US President Barack Obama announces the military troop pullout from Afghanistan on Tuesday. The administration's plan is to keep a contingency force of 9,800 US troops in Afghanistan beyond 2014. (Alex Wong / Getty Images)
US President Barack Obama speaks during a surprise visit with US troops at Bagram Air Field, north of Kabul, in Afghanistan on Sunday. / Saul Loeb/AFP/Getty Images
WASHINGTON — The US military presence in Afghanistan will fall to about 9,800 troops by January, a sharp decline from the 32,000 US uniformed personnel in country, US President Barack Obama announced Tuesday at the White House.
The reduction is part of a plan to have all US and NATO troops out of Afghanistan by the end of 2016, when a small handful of uniformed personnel will remain at the US Embassy in Kabul to work on foreign military sales and military-to-military contracts.
There are 51,000 US and NATO troops in Afghanistan. It is expected that NATO will also keep about 2,000 troops in country past 2014, but administration officials have said that final numbers, and what the force structure will look like, won’t be clear until top-level NATO meetings in June.
Both Obama and several senior administration officials said that withdrawing combat troops from Afghanistan would allow the United States to use those military resources elsewhere, specifically in North Africa, where al-Qaida splinter groups have become more active. The president plans to outline this strategy on Wednesday at the commencement address at the US Military Academy at West Point, New York.
“We’re not looking at Afghanistan in isolation, we’re looking at this in Afghanistan and Pakistan, all the way to the Sahel,” said one senior administration official, adding that the withdrawal of troops and equipment will ensure that the US has the “resources to allocate across the region.”
While the combat mission will officially be over at the end of this year, those 9,800 troops will focus narrowly on two central missions after 2014 — training Afghan forces and supporting counterterrorism operations against what remains of al-Qaida in the country.
One senior administration official said the counterterrorism mission will be focused “against the remnants of al-Qaida,” but no mention was made of the Taliban or other insurgent groups, who have taken a much greater role in battling NATO and Afghan forces for influence and territory over the past 13 years of combat.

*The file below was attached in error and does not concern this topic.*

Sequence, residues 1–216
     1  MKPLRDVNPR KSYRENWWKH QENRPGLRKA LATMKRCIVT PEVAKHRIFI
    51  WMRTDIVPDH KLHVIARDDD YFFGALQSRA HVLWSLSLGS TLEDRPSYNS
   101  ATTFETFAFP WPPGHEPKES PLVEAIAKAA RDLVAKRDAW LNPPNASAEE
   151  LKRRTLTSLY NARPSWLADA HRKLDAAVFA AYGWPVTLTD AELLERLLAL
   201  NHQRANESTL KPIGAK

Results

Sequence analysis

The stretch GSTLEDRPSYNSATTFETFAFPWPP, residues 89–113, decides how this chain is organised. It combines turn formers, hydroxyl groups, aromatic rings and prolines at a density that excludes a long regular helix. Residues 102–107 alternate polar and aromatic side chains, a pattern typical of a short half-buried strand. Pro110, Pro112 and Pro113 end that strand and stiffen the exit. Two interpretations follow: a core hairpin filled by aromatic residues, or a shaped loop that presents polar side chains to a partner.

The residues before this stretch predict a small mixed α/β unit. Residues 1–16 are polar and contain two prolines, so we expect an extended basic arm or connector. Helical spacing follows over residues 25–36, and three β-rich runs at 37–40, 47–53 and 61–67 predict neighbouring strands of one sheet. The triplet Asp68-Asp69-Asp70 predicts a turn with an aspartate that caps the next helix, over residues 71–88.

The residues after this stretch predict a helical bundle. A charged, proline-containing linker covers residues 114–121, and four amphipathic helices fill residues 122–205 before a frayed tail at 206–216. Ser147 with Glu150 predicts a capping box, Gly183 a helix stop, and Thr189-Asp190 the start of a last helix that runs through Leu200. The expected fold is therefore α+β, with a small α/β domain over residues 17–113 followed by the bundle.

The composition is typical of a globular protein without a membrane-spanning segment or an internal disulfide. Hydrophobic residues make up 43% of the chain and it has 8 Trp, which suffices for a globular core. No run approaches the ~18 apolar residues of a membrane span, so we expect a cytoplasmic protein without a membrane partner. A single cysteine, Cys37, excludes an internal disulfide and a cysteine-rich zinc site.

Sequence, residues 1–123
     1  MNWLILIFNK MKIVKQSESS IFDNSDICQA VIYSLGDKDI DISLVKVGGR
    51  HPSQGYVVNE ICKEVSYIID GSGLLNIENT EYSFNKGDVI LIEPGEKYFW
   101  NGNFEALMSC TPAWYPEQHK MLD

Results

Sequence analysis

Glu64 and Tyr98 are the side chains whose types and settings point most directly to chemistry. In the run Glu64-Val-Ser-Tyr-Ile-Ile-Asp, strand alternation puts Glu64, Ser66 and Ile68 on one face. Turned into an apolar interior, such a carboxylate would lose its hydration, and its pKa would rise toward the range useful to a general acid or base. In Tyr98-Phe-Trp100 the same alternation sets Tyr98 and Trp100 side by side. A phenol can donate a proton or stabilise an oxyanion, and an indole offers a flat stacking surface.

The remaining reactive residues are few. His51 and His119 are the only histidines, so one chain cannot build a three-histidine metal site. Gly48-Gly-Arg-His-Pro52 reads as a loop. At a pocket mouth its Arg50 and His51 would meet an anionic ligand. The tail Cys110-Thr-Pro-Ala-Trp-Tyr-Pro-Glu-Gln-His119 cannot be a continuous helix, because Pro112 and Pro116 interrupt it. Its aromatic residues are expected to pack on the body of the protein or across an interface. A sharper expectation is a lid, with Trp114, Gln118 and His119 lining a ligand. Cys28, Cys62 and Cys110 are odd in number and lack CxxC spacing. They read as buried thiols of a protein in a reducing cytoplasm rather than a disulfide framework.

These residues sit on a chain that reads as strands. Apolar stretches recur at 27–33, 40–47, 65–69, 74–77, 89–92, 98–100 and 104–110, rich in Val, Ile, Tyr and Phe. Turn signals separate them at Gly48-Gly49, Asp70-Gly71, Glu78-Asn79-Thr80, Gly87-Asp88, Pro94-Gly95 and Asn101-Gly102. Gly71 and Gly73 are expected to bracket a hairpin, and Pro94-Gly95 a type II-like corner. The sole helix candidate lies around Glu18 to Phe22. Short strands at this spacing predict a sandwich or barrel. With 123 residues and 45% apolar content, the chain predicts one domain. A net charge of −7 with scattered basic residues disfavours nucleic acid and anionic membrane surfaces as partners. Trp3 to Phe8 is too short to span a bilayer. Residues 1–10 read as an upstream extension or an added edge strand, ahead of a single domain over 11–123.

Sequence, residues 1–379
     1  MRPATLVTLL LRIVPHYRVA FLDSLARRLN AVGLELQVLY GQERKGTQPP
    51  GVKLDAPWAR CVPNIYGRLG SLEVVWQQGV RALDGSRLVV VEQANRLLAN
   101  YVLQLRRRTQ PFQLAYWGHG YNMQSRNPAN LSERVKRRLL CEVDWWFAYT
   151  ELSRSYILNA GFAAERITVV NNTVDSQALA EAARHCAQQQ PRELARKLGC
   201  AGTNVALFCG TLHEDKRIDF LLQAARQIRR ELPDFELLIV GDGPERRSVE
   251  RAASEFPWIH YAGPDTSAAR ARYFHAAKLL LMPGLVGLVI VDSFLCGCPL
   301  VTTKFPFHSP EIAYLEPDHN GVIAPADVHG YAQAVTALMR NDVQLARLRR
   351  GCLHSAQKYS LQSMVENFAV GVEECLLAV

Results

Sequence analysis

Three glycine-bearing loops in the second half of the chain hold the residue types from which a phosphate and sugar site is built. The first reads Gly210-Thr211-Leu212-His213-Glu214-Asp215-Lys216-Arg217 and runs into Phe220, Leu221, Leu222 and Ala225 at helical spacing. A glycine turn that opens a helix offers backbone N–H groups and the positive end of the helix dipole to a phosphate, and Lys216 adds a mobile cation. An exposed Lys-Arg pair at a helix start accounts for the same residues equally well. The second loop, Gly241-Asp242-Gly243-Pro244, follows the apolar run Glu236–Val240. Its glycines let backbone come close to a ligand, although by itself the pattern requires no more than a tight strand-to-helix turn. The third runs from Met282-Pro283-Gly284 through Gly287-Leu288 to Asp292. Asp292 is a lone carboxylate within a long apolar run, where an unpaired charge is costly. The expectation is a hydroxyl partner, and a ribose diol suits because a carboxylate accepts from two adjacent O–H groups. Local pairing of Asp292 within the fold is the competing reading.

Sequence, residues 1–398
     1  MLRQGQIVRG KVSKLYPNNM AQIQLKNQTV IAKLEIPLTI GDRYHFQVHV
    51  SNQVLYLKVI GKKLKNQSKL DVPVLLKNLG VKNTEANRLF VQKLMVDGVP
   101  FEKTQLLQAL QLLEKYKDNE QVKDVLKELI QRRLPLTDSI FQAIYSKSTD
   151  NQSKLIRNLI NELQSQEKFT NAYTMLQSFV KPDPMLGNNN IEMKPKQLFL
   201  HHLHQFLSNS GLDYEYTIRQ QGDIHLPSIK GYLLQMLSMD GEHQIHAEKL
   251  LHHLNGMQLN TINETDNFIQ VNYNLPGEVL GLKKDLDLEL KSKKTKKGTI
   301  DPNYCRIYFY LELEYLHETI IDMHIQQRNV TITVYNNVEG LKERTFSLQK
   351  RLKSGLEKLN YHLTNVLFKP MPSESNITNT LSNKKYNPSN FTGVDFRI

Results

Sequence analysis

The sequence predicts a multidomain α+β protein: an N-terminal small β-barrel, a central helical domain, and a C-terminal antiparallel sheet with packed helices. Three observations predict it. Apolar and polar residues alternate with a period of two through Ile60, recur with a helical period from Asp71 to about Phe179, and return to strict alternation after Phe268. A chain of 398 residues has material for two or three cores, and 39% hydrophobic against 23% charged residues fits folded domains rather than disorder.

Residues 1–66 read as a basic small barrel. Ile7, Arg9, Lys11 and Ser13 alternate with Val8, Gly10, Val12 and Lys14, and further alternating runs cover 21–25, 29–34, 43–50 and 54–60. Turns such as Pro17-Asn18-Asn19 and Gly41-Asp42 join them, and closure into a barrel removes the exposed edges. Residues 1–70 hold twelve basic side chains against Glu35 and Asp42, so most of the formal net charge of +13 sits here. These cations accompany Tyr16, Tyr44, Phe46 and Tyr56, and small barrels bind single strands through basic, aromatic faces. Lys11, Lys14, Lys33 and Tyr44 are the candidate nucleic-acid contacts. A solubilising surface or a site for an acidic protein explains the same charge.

In testimony before the Senate Armed Services Committee in March, Marine Corps Gen. Joseph Dunford — commander of all NATO troops in Afghanistan — said that while the power of al-Qaida in Afghanistan has largely been blunted, “extremist networks have now expanded in the country,” and “increased cooperation and coordination can be seen between al-Qaida and other extremists like the Haqqani Network, Tahrik-e Taliban Pakistan and Lashkar-e-Taiba.”
Meanwhile, his assessment was that the Taliban insurgency does not represent “an existential threat to the government of Afghanistan or to the Afghan security forces.”
The exclusion of the Taliban from administration statements Tuesday may reflect Dunford’s assessment, along with the fact that the Taliban is not a globally-focused organization and as such poses no risk to Americans outside of Afghanistan and Pakistan.
Dunford has consistently advocated for 8,000 to 12,000 American troops backed by 2,000 forces from NATO allies to remain in country past 2014, so the White House announcement will split the difference.
None of this is set in stone, however.
“We will only sustain a military presence after 2014 if the Afghan government signs the Bilateral Security Agreement [BSA]” the administration official said, adding that “assuming a BSA is signed, at the beginning of 2015, we will have 9,800 US service members in different parts of the country, together with our NATO allies and other partners. By the end of 2015, we would reduce that presence by roughly half, consolidating US troops in Kabul and on Bagram Air Field. And one year later, by the end of 2016, we will draw down to a normal embassy presence with a security assistance office in Kabul, as we have done in Iraq.”
Both Abdullah Abdullah and Ashraf Ghani — candidates in the running to replace Afghan President Hamid Karzai — have said they would sign the BSA upon taking office.
California Rep. Buck McKeon, the Republican chair of the House Armed Services Committee and longtime critic of the administration’s public timetables for withdrawal, issued a statement saying that pulling out by the end of 2016 “doesn’t make a lick of sense strategically.”
While the administration touted its Afghan strategy as being akin to the orderly withdrawal from Iraq, McKeon blasted the plan as replicating the president’s “mistakes in Iraq where he abandoned the region to chaos.” ■